Backtracking
We have seen how to match alternatives using the alternation metacharacter, |. When matching alternatives, Perl uses a process known as backtracking. I will illustrate this with an example. Consider the following expression:

          “12345” =~ /(124|123)(46|4|45)/

I will explain backtracking by explaining the operation of the above expression. The following steps explain how PHP resolves the above expression.

A. It starts with the first number in the available string ‘1’.

B. It tries the first alternative in the first group ‘124’.

C. It sees the matching of ‘1’ followed by ‘2’. That is all right.

D. It notices that ‘4’ in the regex doesn’t match ‘3’ in the available string – that is a dead end. So it backtracks two characters in the available string and picks the second alternative in the first group ‘123’.

E. It matches ‘1’ followed by ‘2’ followed by ‘3’. The first group is satisfied.

F. It moves on to the second group and picks the first alternative ’46’.

G. It matches the ‘4’ in the available string.

H. However, ‘6’ in the regex doesn’t match ‘5’ in the available string, so that is a dead end. It backtracks one character in the available string and picks the second alternative in the second group ‘4’.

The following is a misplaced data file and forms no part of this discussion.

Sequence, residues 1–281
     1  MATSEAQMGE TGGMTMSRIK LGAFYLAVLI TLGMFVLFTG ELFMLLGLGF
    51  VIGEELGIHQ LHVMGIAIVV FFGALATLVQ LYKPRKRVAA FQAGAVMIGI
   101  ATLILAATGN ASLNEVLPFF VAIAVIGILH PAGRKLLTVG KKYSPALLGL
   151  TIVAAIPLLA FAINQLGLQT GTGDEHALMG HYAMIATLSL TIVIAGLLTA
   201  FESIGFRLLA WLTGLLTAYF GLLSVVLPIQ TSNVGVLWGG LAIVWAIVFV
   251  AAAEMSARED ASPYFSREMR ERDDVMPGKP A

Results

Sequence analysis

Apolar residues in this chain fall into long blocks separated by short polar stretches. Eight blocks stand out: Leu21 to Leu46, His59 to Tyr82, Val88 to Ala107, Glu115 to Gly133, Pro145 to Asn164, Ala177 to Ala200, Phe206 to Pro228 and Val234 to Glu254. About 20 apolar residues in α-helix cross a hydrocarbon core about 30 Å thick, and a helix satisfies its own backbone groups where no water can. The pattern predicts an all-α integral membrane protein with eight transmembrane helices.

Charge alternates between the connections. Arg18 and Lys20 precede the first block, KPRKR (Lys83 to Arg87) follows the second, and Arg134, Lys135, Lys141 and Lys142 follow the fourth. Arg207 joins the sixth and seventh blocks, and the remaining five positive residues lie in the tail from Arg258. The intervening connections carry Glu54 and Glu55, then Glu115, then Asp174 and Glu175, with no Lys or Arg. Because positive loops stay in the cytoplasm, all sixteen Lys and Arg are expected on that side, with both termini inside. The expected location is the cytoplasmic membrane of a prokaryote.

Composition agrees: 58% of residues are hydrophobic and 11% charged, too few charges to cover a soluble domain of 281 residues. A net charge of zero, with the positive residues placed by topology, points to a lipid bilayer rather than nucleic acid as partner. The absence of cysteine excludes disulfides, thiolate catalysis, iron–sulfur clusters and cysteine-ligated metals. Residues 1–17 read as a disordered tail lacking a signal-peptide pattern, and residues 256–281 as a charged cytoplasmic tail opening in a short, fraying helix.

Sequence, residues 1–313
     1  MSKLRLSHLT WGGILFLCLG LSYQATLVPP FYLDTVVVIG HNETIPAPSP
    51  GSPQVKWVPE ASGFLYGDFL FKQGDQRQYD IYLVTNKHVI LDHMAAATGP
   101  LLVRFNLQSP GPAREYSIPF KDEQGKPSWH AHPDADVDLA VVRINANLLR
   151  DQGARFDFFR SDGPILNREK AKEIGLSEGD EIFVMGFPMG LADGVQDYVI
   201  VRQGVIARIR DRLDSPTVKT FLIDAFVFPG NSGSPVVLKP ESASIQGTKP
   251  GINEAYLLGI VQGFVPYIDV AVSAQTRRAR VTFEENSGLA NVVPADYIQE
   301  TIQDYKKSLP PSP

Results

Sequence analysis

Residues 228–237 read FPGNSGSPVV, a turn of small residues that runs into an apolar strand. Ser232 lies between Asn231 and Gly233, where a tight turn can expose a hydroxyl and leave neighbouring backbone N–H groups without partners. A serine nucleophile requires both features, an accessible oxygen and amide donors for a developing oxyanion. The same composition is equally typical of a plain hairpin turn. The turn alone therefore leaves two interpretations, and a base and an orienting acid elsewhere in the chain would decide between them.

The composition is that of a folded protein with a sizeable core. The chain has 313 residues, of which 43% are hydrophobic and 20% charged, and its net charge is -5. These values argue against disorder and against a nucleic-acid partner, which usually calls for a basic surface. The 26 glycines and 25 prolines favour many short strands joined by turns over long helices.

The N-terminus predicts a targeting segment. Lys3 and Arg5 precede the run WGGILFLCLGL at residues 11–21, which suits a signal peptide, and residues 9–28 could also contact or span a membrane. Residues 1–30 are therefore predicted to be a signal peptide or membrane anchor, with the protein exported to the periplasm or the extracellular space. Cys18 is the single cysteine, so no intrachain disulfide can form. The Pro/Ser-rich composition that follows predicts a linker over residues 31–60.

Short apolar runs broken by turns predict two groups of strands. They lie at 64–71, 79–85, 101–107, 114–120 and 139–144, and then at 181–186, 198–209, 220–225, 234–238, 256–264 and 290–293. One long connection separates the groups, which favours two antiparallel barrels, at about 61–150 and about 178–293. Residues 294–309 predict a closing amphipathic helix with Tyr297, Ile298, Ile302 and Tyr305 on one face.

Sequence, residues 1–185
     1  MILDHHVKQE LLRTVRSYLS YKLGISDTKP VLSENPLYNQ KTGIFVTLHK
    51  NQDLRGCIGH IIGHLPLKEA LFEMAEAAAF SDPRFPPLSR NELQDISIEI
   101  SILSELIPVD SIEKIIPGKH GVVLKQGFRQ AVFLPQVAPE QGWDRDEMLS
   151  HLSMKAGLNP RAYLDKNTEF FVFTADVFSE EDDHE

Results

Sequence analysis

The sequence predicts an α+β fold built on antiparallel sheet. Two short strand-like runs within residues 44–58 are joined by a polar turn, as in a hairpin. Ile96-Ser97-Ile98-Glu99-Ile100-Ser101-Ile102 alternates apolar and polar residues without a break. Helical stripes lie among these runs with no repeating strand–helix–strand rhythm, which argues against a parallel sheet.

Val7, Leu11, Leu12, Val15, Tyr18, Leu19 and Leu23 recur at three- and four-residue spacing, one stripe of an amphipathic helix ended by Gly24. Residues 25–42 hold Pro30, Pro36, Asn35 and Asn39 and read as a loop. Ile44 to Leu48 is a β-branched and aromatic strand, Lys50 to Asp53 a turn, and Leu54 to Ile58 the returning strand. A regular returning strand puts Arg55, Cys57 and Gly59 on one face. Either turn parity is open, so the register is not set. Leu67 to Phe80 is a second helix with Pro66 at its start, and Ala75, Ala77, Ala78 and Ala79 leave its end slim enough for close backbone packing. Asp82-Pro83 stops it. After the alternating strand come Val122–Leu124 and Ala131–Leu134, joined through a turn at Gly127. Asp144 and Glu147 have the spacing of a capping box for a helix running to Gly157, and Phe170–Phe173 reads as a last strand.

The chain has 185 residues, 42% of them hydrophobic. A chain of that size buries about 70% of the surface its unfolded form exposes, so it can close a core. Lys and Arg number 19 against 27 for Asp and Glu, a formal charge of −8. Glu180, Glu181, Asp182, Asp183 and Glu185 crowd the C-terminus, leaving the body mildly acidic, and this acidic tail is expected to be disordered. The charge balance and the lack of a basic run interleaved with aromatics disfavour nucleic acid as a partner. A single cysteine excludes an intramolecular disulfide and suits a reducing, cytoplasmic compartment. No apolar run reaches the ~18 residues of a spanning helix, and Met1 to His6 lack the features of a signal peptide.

I. ‘4’ matches. The second grouping is satisfied.

J. We are at the end of the regex; we are done! We have matched ‘1234’ out of the available string “12345”.

There are two things to note about this process. First, the third alternative in the second group ’45’ also allows a match, but the process stopped before it got to the third alternative – at a given character position, leftmost conquers. Secondly, the process was able to get a match at the first character position of the available string ‘1’. If there were no matches at the first position, Perl would move to the second character position ‘2’ and attempt the match all over again. Perl gives up and declares “12345” =~ /(124|123)(46|4|45)/, to be false, only when all possible paths at all possible character positions have been exhausted.